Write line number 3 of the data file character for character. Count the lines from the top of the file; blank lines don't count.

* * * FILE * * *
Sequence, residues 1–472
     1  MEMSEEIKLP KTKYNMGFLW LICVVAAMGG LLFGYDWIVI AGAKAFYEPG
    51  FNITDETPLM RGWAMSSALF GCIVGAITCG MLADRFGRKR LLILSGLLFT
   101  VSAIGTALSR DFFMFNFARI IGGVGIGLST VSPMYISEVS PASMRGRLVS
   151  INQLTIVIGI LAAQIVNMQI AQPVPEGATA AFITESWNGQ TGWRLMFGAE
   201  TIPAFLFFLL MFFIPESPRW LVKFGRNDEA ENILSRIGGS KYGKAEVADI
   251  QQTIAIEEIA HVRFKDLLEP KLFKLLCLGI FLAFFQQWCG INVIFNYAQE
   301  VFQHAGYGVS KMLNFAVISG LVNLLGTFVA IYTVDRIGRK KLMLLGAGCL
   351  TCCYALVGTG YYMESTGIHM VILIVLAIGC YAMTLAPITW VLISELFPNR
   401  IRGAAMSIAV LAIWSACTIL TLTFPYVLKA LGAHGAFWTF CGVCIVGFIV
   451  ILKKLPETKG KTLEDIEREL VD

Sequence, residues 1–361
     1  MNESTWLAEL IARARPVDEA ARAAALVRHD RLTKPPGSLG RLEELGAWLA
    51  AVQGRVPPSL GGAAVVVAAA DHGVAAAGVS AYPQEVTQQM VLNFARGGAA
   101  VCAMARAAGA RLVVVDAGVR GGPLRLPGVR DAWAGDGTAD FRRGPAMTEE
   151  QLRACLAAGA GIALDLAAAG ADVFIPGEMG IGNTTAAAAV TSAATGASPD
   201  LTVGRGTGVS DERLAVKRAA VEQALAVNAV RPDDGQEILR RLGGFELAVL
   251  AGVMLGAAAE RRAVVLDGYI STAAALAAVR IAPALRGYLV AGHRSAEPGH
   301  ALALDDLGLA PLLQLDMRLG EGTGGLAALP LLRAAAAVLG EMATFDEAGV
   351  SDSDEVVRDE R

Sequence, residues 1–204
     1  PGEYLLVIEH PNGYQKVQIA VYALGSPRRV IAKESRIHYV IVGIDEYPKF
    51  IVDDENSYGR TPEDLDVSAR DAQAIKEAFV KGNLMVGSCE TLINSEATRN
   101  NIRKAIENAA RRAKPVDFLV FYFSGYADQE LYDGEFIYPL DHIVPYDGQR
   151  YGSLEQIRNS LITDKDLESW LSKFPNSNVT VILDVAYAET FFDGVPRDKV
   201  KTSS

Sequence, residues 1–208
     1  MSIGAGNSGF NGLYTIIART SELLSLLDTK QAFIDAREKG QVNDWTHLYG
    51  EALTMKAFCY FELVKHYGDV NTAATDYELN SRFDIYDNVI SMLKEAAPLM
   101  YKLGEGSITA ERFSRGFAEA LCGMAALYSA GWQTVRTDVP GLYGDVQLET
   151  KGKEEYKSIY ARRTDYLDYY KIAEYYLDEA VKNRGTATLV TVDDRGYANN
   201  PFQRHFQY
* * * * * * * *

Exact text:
    51  FNITDETPLM RGWAMSSALF GCIVGAITCG MLADRFGRKR LLILSGLLFT